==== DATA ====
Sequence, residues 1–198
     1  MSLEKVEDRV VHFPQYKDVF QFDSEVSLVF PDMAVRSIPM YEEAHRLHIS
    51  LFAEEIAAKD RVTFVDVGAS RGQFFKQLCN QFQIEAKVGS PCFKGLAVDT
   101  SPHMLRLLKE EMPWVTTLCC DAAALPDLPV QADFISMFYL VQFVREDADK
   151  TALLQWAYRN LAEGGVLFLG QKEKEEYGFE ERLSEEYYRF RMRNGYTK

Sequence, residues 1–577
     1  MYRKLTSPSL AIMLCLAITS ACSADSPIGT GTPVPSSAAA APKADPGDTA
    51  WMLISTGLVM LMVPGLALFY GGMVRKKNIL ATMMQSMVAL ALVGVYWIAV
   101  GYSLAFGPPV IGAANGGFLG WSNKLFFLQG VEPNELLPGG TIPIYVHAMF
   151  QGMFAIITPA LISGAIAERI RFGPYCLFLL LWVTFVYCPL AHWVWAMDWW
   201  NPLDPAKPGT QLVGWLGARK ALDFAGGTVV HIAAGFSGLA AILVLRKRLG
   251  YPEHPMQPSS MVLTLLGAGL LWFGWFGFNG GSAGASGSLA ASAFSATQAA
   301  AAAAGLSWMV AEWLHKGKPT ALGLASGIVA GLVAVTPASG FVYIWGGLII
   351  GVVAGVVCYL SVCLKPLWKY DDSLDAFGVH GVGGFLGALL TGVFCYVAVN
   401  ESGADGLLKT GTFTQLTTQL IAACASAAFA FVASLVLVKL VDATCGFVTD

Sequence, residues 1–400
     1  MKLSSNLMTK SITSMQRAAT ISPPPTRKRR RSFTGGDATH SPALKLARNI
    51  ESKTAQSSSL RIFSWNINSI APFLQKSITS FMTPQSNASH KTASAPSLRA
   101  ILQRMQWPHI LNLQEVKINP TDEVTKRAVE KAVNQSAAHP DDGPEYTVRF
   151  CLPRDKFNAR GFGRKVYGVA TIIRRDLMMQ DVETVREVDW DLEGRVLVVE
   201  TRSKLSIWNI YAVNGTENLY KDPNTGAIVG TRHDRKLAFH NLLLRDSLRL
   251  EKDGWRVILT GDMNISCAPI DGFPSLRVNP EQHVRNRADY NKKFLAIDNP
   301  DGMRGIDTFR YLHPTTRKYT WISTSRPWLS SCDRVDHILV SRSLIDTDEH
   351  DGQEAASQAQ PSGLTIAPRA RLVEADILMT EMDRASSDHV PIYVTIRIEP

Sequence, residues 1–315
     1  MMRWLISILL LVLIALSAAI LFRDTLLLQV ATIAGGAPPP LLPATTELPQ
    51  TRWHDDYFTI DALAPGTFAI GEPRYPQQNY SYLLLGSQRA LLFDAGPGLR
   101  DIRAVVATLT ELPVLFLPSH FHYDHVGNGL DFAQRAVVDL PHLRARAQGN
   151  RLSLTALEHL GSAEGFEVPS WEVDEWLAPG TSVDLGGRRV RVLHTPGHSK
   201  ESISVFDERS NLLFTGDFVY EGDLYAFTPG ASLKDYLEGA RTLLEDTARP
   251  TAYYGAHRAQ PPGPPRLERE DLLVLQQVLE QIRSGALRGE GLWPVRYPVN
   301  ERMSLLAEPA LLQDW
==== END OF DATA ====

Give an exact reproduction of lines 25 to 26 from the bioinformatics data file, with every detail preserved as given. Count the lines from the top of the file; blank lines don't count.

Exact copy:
Sequence, residues 1–315
     1  MMRWLISILL LVLIALSAAI LFRDTLLLQV ATIAGGAPPP LLPATTELPQ